Lives and livelihood have been lost on account of a marauding covid-19. Recently, the J&K government, in view of the lesser number of cases compared to previous two months, eased restrictions which were placed to arrest the spread of the pandemic when it started to peak.
Though on a decline, the second wave is far from over. It is in such a scenario that some experts believe that it may be seeding the ground for a possible third wave.
The questions also galore if the 3rd wave could be more serious than the previous ones. Based on a mathematical modelling study led by the scientists at the Indian Council of Medical Research (ICMR) and the Imperial College London, scientists believe that the third was not going to be devastating than the one going on, although on decline.
However, the vaccination remains the key as well as its efficacy against the new variants. Also optimism is high among the concerned quarters that governments, including Jammu and Kashmir, are better prepared.
By now, the governments have gauged what is needed to tide out the peak phases in case the third wave hits.
While a third wave is expected to be significantly buffered by expanding vaccination, there are signals of caution as well.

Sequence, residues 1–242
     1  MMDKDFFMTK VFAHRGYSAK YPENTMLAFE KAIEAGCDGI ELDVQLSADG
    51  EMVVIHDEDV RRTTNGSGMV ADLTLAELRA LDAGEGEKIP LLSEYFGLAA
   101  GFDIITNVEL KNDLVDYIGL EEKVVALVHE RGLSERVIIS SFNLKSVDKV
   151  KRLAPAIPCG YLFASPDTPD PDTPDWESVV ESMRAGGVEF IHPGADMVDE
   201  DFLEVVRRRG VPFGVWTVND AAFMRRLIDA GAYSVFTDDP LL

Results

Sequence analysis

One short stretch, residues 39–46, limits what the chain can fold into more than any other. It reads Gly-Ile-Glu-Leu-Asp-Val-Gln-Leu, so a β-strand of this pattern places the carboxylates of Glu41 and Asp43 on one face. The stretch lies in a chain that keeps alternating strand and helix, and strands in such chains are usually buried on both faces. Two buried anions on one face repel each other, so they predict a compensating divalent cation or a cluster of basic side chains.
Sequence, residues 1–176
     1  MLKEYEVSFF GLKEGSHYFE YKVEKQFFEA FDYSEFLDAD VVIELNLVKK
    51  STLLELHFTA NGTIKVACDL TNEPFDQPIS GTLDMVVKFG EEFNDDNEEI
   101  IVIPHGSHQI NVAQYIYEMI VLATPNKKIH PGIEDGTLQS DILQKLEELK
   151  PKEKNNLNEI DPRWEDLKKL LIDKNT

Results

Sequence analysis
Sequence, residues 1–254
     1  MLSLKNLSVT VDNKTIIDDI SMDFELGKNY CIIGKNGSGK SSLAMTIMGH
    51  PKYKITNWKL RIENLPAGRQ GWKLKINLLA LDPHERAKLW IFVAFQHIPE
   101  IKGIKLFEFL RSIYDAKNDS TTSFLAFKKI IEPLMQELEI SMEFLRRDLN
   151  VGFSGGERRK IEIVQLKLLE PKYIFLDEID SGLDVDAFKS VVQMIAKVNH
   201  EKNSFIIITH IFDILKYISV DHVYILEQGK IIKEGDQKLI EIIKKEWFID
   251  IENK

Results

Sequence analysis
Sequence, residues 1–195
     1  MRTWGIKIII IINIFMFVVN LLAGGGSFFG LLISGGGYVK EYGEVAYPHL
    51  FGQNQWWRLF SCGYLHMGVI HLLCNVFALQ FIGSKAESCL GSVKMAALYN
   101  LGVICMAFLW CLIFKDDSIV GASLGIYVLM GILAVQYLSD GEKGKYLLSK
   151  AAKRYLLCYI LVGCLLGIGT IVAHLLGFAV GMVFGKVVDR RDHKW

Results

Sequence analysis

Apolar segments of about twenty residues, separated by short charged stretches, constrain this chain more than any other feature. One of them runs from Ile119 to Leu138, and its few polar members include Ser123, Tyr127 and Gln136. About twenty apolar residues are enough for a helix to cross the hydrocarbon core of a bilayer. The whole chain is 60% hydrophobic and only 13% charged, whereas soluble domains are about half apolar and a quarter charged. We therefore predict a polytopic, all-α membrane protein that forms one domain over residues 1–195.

A study of the spike protein of SARS-CoV-2, the virus which causes COVID-19, suggests that current vaccines may be less effective against the Beta variant first identified in South Africa.
The study, published in the journal Science on June 24, used cryo-electron microscopy (cryo-EM) to compare the spike protein from the original virus found in China in 2019, with that of the Beta variant, and the Alpha variant first identified in the UK.
Cryo-Em is an imaging technique used to determine the biomolecular structures at near-atomic resolution.
Amid rising concerns over the Delta Plus variant of the virus, India’s Covid Task Force chief VK Paul, who is also a NITI Aayog Member, asserted that there is no scientific data so far to establish that the new variant was highly transmissible or reduces vaccine efficacy.
Regarding another wave, he said, it would be dependent on several factors, including overall discipline in terms of Covid-appropriate behaviour, testing and containment strategies, and vaccination rates.
In nutshell, vaccination, masks, avoiding crowds and physical distancing remain the main protection against the ravaging virus for the foreseeable future. The people are thus expected to follow them religiously.